When we are asked to list our senses we usually are able to recall the most familiar ones: touch (tactile perception), taste (oral perception), smell (olfactory perception), vision (visual perception) and hearing (auditory perception) but did you know there are two others?
Vestibular: sensory information received from our middle ear that is related to movement and balance.
Proprioceptive: sensory information we receive from our muscles, joints and ligaments.
The seven senses work together to help us understand and move within our environment.
This article explores the role of our senses, ways to assist their input and integration and what are some of the signs if our child may have difficulty processing them (sensory dysfunction or sensory processing disorder).
Our sensory system provides the foundation for all forms of learning. Our sensory system not only gives us information needed for visual perception, motor planning and body awareness, but provides the essential building blocks required for achieving academic learning, emotional security and social confidence.
Integration of the sensory system, whereby the sensory system is well organized and responding efficiently is integral to developing: self confidence, self control, academic learning, abstract thought and reasoning, the ability to concentrate, the ability to organize and the capacity to effectively interact with the environment.
Neonatal care (Neurodevelopmental care)
The knowledge and understanding of the development of the sensory systems in the foetus, neonate, and infant have progressed and grown extensively in the past twenty to thirty years. This has been aresult of the advances in technology for study of brain development and the sensory systems specifically. While the basic physical structure of the sensory receptors (i.e. eyes, ears etc.) develops early in gestation, most of the neurosensory development occurs in the last sixteen to twenty weeks.
The neurological processes are not accelerated by preterm birth. Preterm birth accelerates the maturation of the kidney, gastrointestinal, lung and cardiovascular function but does not alter the sequence or timing of neurodevelopment.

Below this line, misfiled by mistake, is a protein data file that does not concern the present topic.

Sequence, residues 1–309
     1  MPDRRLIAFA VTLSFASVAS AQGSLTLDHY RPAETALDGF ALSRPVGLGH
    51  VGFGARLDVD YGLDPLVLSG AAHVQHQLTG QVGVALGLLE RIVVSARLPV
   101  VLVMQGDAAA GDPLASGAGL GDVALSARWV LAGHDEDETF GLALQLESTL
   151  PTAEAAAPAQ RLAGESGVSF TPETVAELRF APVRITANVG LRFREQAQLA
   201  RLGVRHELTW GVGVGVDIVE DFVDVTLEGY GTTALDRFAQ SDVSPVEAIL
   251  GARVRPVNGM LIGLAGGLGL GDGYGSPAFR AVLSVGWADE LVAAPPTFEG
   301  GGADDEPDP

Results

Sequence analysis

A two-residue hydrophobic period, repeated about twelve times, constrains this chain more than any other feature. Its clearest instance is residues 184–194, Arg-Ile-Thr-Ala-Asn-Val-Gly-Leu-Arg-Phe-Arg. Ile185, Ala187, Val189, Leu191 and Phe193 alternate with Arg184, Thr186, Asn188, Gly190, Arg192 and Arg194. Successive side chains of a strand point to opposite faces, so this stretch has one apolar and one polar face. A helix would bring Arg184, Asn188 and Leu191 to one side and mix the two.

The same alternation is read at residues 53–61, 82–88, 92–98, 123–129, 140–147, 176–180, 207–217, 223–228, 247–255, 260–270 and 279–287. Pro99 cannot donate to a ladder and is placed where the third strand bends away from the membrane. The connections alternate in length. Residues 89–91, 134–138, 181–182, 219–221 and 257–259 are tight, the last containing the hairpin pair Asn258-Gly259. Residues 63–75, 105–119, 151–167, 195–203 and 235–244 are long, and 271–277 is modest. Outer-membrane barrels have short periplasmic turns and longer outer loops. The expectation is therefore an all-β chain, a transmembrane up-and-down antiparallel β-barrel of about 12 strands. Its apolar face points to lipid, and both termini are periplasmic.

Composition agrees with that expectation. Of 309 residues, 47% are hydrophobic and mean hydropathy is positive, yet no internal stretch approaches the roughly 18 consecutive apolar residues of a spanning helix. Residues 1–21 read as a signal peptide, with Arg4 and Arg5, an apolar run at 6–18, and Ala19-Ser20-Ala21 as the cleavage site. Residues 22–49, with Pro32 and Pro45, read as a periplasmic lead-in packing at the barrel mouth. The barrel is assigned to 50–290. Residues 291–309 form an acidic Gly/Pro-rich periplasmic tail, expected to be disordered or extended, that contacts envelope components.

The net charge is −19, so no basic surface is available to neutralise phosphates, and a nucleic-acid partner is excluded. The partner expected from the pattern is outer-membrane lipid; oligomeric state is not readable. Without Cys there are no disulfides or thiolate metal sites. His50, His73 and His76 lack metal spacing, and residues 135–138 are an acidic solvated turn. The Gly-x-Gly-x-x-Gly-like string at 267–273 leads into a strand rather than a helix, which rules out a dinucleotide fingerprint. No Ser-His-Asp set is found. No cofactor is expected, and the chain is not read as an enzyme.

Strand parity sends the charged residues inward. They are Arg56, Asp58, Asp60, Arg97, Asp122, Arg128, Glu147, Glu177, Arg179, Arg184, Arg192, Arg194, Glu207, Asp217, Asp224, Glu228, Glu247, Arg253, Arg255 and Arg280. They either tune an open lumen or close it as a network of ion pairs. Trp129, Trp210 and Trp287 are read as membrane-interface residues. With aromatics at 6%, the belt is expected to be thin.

The stresses and the environment of the Newborn Intensive Care Unit (NICU) play a major role in the altered neurodevelopment observed in preterm infants. The brain development in the foetus, neonate, and infant includes not just sensory systems but motor systems, social/emotional systems, and the cognitive systems. These systems are connected and integrated during development. The development of the brain, both structure and function, is shaped by the influence of four major factors or processes including:
- genetic make up of the infant
- internal brain activity and sleep
- external experiences and stimulation of the sensory organs
- the physical, chemical, sensory, and social/emotional environments.
It is essential that the environment of the foetus, neonate, infant be adapted and managed to provide for the healthy early brain development. This requires both a developmentally, supportive environment and developmentally appropriate care practices.
Sensory regulation in NICU
How sensory stimulation may be regulated in NICU & SCU
Use of appropriate tactile stimulation
Gentle hands, infant massage and kangaroo care. The skin is the earliest sensory system to become functional. The preterm infant skin is a sensory surface for the infant and a psychological and perceptual interface with caregivers and parents
Provide early exposure to mother’s scent
Evidence suggests that infants may have discriminatory olfactory sense by 27-28 weeks gestation. After birth, the NICU environment provides the newborn with some of their earliest postnatal chemosensory exposures, and this may be influential in shaping subsequent chemosensory responses. Studies have shown that biologically meaningful odors such as amniotic fluid, colostrum and breast milk are soothing to infants particularly when obtained from the infant’s own mother. Introducing mother’s scent may prove beneficial to preterm as well as term infants in the NICU environment by eliciting a suckling reflex and reducing crying